Pentavalent antimonial has been the front-line drug for the treatment of Visceral Leishmaniasis (VL) for over 70 years until the discovery of antileishmanial activity in the well-known anti-fungal agent, Amphotericin B. The encapsulation of Amphotericin B in liposome was first shown to effectively cure VL in 1991 leading to a successful development of the lipid form, which is now the drug of choice for the treatment of VL. The lipid associated amphotericin B has been tested in three different formulations: colloidal dispersion amphotericin B, lipid complex amphotericin B, and liposomal amphotericin B (LAmB). The latter is available either as a single dose regimen or as a multiple dose regimen administered over a treatment period often lasting over one month.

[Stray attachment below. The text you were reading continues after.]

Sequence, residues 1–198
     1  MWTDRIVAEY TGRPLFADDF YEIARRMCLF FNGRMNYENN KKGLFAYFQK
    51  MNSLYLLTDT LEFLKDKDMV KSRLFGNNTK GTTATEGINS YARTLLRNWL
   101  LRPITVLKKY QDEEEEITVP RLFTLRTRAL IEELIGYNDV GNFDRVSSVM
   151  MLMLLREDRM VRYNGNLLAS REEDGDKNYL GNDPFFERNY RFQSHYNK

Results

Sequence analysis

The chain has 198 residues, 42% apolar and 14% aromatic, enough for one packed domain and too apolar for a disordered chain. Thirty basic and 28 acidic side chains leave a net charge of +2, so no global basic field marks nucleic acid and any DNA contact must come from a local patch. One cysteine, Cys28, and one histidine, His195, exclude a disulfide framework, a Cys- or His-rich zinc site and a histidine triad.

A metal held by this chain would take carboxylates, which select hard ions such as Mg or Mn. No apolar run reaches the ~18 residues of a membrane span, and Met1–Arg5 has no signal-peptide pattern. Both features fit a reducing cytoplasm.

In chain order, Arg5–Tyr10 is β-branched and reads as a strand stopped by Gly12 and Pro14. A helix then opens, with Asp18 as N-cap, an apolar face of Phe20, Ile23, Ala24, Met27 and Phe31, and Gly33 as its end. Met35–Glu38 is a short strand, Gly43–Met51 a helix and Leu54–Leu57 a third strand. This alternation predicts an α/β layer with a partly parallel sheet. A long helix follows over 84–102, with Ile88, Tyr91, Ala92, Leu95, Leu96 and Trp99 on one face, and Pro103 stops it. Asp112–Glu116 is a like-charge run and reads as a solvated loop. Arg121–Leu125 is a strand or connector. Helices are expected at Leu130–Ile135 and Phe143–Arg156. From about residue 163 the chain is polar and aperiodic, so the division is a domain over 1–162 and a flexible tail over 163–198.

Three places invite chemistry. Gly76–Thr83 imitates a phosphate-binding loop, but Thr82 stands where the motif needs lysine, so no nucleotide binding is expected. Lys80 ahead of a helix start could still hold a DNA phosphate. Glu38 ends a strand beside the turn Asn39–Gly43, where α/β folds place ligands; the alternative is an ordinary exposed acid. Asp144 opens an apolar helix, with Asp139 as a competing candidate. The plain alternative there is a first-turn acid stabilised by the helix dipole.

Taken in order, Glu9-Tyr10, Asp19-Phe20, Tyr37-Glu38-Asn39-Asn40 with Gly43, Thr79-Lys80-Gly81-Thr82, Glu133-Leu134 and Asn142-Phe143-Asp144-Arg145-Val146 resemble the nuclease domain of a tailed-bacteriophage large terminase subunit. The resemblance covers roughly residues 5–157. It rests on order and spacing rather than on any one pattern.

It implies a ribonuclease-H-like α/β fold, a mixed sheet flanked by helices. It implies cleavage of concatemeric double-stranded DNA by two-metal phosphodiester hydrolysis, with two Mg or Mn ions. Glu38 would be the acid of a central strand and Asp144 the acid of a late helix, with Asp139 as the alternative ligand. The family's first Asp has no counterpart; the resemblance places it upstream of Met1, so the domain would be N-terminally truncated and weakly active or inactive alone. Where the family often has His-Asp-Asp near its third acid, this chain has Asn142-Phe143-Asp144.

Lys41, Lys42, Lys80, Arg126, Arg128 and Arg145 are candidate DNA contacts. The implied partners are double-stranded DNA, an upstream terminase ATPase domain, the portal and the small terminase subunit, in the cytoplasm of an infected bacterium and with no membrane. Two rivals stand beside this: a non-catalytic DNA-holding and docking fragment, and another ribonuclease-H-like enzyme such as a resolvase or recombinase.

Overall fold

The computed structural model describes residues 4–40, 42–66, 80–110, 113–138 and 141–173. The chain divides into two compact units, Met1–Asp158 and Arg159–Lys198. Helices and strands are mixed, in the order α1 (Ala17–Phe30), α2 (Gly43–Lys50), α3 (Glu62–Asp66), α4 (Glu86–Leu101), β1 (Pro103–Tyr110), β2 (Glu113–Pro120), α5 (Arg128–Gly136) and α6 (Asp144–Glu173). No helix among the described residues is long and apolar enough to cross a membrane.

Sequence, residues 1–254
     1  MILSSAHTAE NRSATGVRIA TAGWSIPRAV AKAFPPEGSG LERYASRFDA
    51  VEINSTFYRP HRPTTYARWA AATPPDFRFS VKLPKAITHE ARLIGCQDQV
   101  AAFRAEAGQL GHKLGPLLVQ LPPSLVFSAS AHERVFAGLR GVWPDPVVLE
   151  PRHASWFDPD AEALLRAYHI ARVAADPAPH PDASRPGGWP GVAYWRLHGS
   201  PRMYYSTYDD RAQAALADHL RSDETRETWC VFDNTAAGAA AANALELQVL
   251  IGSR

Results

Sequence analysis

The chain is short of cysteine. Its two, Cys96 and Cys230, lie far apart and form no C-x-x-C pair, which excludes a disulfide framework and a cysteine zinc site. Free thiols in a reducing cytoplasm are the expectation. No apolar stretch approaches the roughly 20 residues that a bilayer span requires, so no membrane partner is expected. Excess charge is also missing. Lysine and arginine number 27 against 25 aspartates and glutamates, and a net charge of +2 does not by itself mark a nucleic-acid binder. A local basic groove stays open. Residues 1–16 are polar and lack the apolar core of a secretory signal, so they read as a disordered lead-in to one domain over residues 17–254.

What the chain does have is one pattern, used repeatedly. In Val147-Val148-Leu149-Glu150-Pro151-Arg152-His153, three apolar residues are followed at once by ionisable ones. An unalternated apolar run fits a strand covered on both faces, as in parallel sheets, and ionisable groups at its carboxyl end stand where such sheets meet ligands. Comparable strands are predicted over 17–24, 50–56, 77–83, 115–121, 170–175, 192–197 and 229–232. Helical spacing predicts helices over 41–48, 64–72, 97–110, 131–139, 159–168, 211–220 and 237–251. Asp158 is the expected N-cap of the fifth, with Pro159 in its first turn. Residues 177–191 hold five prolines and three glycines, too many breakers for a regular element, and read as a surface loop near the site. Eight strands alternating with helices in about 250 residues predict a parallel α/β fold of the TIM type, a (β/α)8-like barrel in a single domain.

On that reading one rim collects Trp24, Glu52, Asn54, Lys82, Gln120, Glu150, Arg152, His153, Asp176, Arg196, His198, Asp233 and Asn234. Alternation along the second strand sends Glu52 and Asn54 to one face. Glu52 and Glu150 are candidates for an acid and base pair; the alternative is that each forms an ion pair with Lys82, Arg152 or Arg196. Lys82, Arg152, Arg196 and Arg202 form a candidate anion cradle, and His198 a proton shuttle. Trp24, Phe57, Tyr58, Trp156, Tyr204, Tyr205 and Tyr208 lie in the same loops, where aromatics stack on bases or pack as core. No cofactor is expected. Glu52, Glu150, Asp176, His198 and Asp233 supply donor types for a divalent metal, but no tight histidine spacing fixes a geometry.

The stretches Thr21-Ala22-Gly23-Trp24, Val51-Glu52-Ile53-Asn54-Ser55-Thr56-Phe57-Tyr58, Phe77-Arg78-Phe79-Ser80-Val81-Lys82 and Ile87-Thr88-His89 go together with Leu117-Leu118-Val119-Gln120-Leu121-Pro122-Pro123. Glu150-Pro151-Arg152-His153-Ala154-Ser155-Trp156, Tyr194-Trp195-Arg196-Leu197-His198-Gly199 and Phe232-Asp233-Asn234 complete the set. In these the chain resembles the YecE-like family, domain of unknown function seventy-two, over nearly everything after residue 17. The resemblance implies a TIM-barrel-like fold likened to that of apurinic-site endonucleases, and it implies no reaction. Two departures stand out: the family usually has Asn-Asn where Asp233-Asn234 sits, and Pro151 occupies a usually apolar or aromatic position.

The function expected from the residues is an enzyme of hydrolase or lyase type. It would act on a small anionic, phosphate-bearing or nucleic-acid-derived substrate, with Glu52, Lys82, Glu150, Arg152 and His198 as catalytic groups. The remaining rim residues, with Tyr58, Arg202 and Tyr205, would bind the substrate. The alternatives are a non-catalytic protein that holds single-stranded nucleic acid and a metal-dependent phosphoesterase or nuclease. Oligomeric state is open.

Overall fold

The practical advantages offered by the single dose LAmB regimen has meant that this has been the drug of choice in the VL elimination programme in India, Bangladesh and Nepal, and is currently deployed as a 10mg/kg single dose (or in some cases as 2–5mg/kg doses) with patients followed-up at 1, 6 and 12 months post-treatment. While this drug regimen has demonstrated high efficacy, the tolerability profile hasn’t been well-understood. Antileishmanial therapies have been historically associated with a poor tolerability profile. However, there is a paucity of information regarding the expected rate of incidence of the severe adverse events and deaths following antileishmanial chemotherapies. This review was conducted to address this research gap.